Live Rock for 230 Gallon Tank

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Hugh Mann

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I have read numerous times the "Rule of Thumb" when it comes to live rock is 1-1.5 pounds per gallon.

Does that scale with large tanks? By which I mean would it be recommended to buy 345 pounds of rock?
Does that include the volume of the sump, which is 150 gallons, so probably 75 gallons of actual water for another 112lbs of rock?
Or is there a point where a certain amount of rock is just enough?

Trying to sort out how much rock I need to source when building this beast up. Also, while I know it is recommended to start with cured live rock, depending on how much I need, it's just not possible for me to afford it all, and will have to use some dry rock as well. Is there a recommended ratio of live and dry?

If it matters, my planned livestock is a mix of cave dwellers/perchers and open swimmers, though I haven't settled on a definite list.
 
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brandon429

why did you put a reef in that
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This is an easy test for surface area mechanics, the rule of thumb has no application and by that I mean some of the top reefs currently running Rev has used as focus examples in posts use a tenth of the stated rule and still run a full fish load. If you buy thirty pounds of live rock and put it in the tank, that will carry the full fish loading the tank will ever see, more isn’t needed, we’ve all been trained to overdo surface area grossly (and now bommie aquascapes undo that rule, keep as many fish)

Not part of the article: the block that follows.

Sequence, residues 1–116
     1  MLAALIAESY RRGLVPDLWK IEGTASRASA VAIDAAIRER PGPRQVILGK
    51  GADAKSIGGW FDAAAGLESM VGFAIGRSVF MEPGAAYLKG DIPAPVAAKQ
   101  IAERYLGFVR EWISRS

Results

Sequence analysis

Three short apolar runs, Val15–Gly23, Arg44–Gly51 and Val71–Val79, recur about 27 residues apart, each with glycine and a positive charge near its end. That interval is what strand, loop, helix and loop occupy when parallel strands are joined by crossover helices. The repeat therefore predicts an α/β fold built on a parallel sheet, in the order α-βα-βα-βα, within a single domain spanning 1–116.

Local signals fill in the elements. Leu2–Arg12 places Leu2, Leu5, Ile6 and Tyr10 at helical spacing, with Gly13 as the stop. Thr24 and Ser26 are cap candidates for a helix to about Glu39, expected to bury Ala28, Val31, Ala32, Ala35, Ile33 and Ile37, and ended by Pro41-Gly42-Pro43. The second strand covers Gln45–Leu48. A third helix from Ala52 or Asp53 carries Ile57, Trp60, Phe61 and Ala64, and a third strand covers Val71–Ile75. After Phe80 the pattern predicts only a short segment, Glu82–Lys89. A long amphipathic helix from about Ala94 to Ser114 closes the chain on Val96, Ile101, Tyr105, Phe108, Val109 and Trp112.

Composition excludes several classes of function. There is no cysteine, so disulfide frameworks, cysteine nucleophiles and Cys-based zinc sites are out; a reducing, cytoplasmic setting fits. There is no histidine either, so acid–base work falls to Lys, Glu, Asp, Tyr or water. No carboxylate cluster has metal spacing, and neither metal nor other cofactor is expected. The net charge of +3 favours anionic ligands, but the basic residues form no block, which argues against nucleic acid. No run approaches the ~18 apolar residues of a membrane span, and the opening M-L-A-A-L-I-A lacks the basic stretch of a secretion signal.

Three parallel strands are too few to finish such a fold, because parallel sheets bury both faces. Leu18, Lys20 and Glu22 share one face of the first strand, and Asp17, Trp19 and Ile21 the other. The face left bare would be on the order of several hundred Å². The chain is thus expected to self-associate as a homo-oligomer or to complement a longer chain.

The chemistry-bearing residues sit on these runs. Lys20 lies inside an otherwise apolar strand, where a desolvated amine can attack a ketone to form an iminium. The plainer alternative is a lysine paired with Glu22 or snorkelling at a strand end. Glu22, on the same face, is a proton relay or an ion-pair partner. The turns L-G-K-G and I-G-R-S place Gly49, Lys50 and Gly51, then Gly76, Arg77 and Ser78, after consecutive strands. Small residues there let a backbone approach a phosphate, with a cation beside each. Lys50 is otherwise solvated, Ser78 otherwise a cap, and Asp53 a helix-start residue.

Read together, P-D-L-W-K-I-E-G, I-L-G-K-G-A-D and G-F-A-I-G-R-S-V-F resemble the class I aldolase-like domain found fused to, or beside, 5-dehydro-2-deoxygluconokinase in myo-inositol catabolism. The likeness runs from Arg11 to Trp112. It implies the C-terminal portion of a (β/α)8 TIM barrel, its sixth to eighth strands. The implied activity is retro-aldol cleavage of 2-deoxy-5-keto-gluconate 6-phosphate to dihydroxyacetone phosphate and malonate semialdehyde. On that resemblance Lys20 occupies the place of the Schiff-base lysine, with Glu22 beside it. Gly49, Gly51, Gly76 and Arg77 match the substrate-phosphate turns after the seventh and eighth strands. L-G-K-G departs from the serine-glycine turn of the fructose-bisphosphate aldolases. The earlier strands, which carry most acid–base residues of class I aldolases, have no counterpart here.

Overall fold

all dry rock you add will become cycled in twenty days by being in water with cured live rock. All you need is a crate of pre cured live rock, add it, and you just skip cycled. The extra two hundred pounds of dry will present curing challenges but the cycle will have been skipped for the system in the common sense, where goes live rock goes a skip cycle, adding a bunch of inert material doesn’t make the live rock weaker.

in summary: thirty pounds of live rock and X pounds of dry rock will carry the same fish bioload that four hundred pounds of cured live rock will carry. I know that seems backwards from the truth, but it’s just because all the rules we use for framing out a reef tank have been made up. Bommie reefs with thirty fish will die quickly when this becomes untrue.

*there is a bioload maximum carry differential between thirty pounds and four hundred pounds of live rock-the trick is that in a home reef aquarium we cant stack so many fish as to overcome the thirty pound approach. It’s not like adding hundreds of pounds of live rock will carry 400 fish, the box isn’t big enough. For all the fish and bioload you will ever see in that big tank, the surface area from 30 pounds is enough. Once the dry rock portion catches up, we are back to being entirely overdone on surface area and waste catchpoints like a typical reef tank.
 
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Hugh Mann

Hugh Mann

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That is extremely informative, and is very useful to know, thank you very much. This information should be a sticky with big, bold, friendly letters.

Yup, definitely useful. The challenges posed by using mostly dry are definitely worth it saving enough money to buy half my fish.

Thanks again.
 
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